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Why Do We Struggle With Executive Functioning?

Lara Calus

9th February 2024

Academic and emotional problems are key indicators of executive functioning difficulties, and this may be more common than you think.

Sufferers of ADHD, depression, anxiety, and borderline personality disorder are all examples of those struggling with executive functioning. Here we look at ways to combat and transform these struggles.

Executive functioning refers to all the tasks it takes to plan something, such as gathering tools, starting a project, staying on the task, and following up, as well as completing the task. Whilst this is something we all do every day, some of us have great difficulty in focusing and carrying out the various tasks to complete a given larger goal or task.

ADHD patients often have executive functioning problems plus a myriad of other difficulties such as working memory and distractibility issues. However, some methods and apps can aid and support these difficulties such as tracking apps for progress, breaking tasks down into smaller chunks, and reward schemes. Pairing with another person on a task has also been reported to help individuals stay on task.

Executive functioning is not something that affects people with ADHD. Individuals with depression have difficulties in maintaining a goal and those who suffer from anxiety have difficulties with cognitive flexibility. Again some methods have helped and aided these difficulties such as breaking a complex task down into manageable pieces for those suffering from anxiety. Furthermore, motivational assistance such as checking in with the individual throughout a task, can be helpful for those suffering from depression.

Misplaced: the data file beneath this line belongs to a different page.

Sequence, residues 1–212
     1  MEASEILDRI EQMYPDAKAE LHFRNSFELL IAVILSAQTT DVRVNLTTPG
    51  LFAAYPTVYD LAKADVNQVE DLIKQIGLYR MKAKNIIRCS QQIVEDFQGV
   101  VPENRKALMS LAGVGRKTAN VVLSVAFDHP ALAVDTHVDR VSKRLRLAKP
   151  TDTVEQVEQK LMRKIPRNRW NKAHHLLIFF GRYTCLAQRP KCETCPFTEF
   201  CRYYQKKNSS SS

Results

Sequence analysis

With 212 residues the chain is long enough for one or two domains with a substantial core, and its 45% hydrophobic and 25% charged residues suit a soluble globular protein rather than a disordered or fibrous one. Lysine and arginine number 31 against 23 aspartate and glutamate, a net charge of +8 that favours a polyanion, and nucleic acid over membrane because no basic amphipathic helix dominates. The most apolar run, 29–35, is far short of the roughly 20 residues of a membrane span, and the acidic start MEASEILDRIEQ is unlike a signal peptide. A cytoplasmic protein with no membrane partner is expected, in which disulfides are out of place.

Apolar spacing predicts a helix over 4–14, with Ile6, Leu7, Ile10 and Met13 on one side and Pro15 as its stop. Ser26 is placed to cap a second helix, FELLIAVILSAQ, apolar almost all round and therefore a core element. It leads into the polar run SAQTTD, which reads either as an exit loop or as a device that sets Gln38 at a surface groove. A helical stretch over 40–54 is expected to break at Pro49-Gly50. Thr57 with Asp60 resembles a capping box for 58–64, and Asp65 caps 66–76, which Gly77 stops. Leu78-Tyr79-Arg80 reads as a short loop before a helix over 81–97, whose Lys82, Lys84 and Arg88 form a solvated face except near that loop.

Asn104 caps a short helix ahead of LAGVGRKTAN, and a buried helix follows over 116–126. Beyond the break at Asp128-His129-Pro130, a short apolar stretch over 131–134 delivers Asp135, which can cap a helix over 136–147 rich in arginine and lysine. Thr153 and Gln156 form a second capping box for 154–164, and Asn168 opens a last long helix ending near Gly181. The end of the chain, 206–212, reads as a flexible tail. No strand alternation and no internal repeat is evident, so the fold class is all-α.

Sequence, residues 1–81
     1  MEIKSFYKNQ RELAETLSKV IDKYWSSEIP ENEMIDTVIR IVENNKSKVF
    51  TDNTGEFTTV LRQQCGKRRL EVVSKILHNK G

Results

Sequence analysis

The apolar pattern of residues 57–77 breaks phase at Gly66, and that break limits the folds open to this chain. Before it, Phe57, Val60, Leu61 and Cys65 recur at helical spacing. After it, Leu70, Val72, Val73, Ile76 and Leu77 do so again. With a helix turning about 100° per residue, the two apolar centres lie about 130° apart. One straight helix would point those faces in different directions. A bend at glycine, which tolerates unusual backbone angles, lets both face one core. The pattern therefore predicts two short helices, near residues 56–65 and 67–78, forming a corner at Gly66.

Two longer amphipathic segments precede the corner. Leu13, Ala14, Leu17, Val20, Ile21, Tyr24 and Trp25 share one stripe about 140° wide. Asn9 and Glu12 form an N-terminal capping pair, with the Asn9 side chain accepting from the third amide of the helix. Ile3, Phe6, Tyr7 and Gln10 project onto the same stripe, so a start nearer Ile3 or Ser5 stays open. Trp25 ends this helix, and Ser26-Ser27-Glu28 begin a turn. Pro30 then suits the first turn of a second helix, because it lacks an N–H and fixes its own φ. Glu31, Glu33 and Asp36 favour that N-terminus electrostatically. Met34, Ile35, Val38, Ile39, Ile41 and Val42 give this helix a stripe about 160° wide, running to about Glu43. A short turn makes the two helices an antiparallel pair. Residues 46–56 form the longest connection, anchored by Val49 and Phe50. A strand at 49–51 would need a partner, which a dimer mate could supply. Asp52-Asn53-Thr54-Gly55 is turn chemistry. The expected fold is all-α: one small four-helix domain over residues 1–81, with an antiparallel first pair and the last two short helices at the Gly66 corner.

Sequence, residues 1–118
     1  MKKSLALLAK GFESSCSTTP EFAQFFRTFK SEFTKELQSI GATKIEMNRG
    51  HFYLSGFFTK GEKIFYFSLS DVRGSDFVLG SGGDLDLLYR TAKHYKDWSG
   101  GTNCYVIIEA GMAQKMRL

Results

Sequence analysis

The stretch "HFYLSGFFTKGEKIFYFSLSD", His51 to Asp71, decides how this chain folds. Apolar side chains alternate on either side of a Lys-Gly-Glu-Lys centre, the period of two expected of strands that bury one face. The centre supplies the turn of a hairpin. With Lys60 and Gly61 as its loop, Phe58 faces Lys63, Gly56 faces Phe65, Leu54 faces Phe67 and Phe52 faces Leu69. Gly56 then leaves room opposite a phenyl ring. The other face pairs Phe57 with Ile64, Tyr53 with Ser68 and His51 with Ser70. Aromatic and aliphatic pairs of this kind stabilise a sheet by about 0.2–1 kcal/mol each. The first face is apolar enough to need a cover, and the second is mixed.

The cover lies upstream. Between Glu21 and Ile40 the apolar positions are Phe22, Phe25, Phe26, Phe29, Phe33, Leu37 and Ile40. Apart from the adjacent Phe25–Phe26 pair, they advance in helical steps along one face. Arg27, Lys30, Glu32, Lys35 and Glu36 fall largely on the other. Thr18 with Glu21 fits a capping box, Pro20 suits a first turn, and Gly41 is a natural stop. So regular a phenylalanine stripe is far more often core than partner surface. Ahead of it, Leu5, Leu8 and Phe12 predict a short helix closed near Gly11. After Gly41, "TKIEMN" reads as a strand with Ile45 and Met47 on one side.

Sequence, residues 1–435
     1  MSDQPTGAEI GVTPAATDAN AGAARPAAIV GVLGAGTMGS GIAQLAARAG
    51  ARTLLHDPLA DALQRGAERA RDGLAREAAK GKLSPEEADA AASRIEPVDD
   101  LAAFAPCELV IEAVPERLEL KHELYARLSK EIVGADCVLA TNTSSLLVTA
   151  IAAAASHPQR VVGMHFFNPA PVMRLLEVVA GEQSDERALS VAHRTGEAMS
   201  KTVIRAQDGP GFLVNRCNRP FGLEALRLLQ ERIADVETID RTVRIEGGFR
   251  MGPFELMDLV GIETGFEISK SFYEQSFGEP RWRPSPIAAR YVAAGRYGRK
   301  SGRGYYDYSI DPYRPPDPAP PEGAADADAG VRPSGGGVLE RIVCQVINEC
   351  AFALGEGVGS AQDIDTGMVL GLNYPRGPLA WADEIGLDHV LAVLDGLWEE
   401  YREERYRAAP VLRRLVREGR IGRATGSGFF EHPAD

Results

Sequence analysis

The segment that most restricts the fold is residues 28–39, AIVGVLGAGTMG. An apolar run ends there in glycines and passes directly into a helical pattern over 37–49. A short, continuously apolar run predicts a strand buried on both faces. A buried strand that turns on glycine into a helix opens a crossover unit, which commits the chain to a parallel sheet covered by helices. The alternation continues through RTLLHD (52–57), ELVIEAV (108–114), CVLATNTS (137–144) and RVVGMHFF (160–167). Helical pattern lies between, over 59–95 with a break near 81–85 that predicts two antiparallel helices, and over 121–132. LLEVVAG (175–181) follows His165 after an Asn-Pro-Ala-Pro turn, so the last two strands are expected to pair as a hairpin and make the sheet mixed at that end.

Perhaps more commonly, stress can be a trigger for difficulties with executive functioning, This could show up as struggling to organise tasks, ideas, and time. Leveraging the strengths outlined above as well as psychotherapy that focuses on executive functioning can aid those who struggle.

Read more on this with the following references:

* How to manage problem with executive function; The many tasks involved in settling out and completing a larger task.

* Anger, M., Wantzen, P., Le Vaillant, J., Malvy, J., Bon, L., Guénolé, F., & Guillery-Girard, B. (2019). Positive effect of visual cuing in episodic memory and episodic future thinking in adolescents with autism spectrum disorder. Frontiers in Psychology, 10, 1513.

* Cotrena, C., Damiani Branco, L., Ponsoni, A., Samame, C., Milman Shansis, F., & Paz Fonseca, R. (2020). Executive functions and memory in bipolar disorders I and II: new insights from meta‐analytic results. Acta Psychiatrica Scandinavica, 141(2), 110-130.

* Parola, A., Salvini, R., Gabbatore, I., Colle, L., Berardinelli, L., & Bosco, F. M. (2020). Pragmatics, theory of mind and executive functions in schizophrenia: disentangling the puzzle using machine learning. PLoS One, 15(3), e0229603.

Lara Calus

Lara is an experienced Psychology lecturer and part of the tutor2u Psychology team.

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